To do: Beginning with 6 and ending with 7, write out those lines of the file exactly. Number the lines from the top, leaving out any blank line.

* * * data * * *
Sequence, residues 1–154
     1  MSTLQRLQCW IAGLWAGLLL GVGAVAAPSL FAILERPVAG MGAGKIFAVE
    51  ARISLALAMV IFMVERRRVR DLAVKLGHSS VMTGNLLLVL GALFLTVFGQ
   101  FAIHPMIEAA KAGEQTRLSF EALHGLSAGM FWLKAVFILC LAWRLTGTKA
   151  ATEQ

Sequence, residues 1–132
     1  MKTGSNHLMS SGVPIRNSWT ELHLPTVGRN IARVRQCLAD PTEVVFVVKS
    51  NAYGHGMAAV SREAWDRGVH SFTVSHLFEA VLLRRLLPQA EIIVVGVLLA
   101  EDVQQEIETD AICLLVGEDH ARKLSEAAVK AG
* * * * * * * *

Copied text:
Sequence, residues 1–132
     1  MKTGSNHLMS SGVPIRNSWT ELHLPTVGRN IARVRQCLAD PTEVVFVVKS